Closing or merging some North Platte public school buildings is off the table, Supt. Ron Hanson told the board of education Monday, because there has been too much upheaval in the community already.

Faced with a $2 million budget shortfall, the district needs to find ways to reduce expenses.

A few days ago, a half-dozen options were put forward, from closing Osgood and/or the Lake schools to closing Madison Middle School. Parents reacted negatively as well as at least one school board member and a retired teacher.

Seven people personally protested to the board at Mondays meeting. One of them brought a petition with 80 names on it. And, before they had the chance to speak, board member Ivan Mitchell, the senior board member on the board’s finance subcommittee, said the options were poorly communicated, and done without his knowledge that they were going out.

Supt. Hanson said he was persuaded to change his mind after a zoom conference with parents late last week. About 65 parents participated in the conference.

Hanson it became apparent to him that talk of consolidating schools is not good for the community now. He said the district has been through a lot of changes due to COVID-19 and Lake and Osgood families have gone through a reconfiguration of the two schools two years ago, as well as the repurposing of Osgood this year, when pre-school classes were added.

Hanson also noted railroad layoffs and retail store closings, and a new administration at City Hall.

Thanks to suggestions from the public, the list of options had grown from 6 to 11 in a few days, but Hanson said he decided to focus on one option – making spending cuts as well as drawing about $1 million out of the district’s building fund, which is now growing because the high school bond was paid off in December.

Spending could be cut by eliminating buses between Adams and Madison middle schools and cutting about 10 positions. He said administrative costs would be reduced and greater efficiencies found throughout the system. In response to a question from new board member Angela Blaesi, Operations Director Stuart Simpson said special education teacher’s aides would not be reduced.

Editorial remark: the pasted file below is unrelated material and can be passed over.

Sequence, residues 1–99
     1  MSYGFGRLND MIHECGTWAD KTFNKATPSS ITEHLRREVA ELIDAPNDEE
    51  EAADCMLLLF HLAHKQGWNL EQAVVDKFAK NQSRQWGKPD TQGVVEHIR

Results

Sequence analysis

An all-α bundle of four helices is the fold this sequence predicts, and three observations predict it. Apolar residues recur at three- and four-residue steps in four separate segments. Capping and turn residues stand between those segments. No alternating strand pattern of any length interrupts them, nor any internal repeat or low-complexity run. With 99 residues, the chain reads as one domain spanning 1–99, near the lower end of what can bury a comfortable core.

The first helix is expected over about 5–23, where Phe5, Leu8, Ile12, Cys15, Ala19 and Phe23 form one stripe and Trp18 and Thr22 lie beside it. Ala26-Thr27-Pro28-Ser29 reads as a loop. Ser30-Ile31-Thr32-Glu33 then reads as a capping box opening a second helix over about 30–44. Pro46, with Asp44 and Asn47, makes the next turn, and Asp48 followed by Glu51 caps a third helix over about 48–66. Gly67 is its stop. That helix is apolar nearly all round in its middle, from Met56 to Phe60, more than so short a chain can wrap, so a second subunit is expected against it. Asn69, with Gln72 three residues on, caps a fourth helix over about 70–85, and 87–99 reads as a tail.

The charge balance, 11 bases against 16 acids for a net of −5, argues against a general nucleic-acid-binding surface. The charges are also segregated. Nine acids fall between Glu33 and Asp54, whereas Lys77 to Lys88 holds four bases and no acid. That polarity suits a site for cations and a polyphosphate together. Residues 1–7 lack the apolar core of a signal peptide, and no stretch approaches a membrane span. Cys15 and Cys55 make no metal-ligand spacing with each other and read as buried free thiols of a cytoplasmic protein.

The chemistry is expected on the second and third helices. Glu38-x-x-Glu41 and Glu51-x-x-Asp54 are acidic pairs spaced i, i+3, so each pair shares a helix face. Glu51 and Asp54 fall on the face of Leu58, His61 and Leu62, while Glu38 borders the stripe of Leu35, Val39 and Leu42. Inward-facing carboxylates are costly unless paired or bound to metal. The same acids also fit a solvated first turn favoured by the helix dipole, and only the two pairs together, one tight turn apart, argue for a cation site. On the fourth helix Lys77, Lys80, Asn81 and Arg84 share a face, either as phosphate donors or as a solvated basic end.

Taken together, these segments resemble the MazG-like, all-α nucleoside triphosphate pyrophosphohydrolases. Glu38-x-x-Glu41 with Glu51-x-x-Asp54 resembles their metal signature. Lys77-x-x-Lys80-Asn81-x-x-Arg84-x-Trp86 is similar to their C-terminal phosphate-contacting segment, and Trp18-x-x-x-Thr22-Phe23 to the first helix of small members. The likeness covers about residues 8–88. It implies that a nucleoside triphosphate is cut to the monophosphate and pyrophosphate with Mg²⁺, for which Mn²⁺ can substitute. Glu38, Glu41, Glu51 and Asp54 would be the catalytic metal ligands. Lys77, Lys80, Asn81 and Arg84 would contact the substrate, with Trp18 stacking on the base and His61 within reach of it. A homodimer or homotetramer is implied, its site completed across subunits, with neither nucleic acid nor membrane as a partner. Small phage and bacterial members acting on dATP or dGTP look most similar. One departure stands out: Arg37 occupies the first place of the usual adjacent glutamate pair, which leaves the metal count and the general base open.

Mitchell was glad that mergers are off the table, but urged the administration to continue to look into closing Madison, sending those students either to Adams or to the elementary schools.  

Board Vice President JoAnn Lundgreen objected to considering the closure of Madison. She said the all-sixth grade building is working well. She also disparaged the idea of eliminating buses between Madison and Adams.

Mitchell said it would be good to take a closer look at the numbers now regarding closing Madison, in case the board has to make more decisions about spending cuts in the future.

The board is expected to vote on the matter in one month, at its February meeting.

Parents who addressed the board said they would like to see a long-range, sustainable plan.

Board members urged anyone with concerns, questions and viable suggestions to contact them.

The 11 options are posted on the school district’s website.